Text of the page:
Biomechanical evaluation of a simulated T-9 burst fracture of the thoracic spine with an intact rib cage

Laboratory investigation

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Object

Classic biomechanical models have used thoracic spines disarticulated from the rib cage, but the biomechanical influence of the rib cage on fracture biomechanics has not been investigated. The well-accepted construct for stabilizing midthoracic fractures is posterior instrumentation 3 levels above and 2 levels below the injury. Short-segment fixation failure in thoracolumbar burst fractures has led to kyphosis and implant failure when anterior column support is lacking. Whether shorter constructs are viable in the midthoracic spine is a point of controversy. The objective of this study was the biomechanical evaluation of a burst fracture at T-9 with an intact rib cage using different fixation constructs for stabilizing the spine.

Methods

A total of 8 human cadaveric spines (C7–L1) with intact rib cages were used in this study. The range of motion (ROM) between T-8 and T-10 was the outcome measure. A robotic spine testing system was programmed to apply pure moment loads (± 5 Nm) in lateral bending, flexion-extension, and axial rotation to whole thoracic specimens. Intersegmental rotations were measured using an optoelectronic system. Flexibility tests were conducted on intact specimens, then sequentially after surgically induced fracture at T-9, and after each of 4 fixation construct patterns. The 4 construct patterns were sequentially tested in a nondestructive protocol, as follows: 1) 3 above/2 below (3A/2B); 2) 1 above/1 below (1A/1B); 3) 1 above/1 below with vertebral body augmentation (1A/1B w/VA); and 4) vertebral body augmentation with no posterior instrumentation (VA). A repeated-measures ANOVA was used to compare the segmental motion between T-8 and T-10 vertebrae.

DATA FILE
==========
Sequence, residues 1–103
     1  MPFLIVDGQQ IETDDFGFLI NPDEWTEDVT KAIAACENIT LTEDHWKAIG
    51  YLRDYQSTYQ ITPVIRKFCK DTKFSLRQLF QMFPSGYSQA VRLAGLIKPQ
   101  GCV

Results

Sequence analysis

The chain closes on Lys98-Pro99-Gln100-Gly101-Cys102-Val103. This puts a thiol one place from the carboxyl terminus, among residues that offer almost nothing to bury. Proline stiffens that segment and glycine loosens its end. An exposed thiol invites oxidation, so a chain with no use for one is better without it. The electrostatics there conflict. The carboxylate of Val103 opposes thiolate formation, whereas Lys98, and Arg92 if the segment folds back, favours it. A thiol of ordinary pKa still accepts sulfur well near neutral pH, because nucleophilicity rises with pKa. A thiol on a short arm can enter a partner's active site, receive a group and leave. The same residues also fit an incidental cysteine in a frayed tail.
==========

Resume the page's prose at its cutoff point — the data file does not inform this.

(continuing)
Results

Mean ROM increased by 86%, 151%, and 31% after fracture in lateral bending, flexion-extension, and axial rotation, respectively. In lateral bending, there was significant reduction compared with intact controls for all 3 instrumented constructs: 3A/2B (−92%, p = 0.0004), 1A/1B (−63%, p = 0.0132), and 1A/1B w/VA (−66%, p = 0.0150). In flexion-extension, only the 3A/2B pattern showed a significant reduction (−90%, p = 0.011). In axial rotation, motion was significantly reduced for the 3 instrumented constructs: 3A/2B (−66%, p = 0.0001), 1A/1B (−53%, p = 0.0001), and 1A/1B w/VA (−51%, p = 0.0002). Between the 4 construct patterns, the 3 instrumented constructs (3A/2B, 1A/1B, and 1A/1B w/VA) showed comparable stability in all 3 motion planes.

Conclusions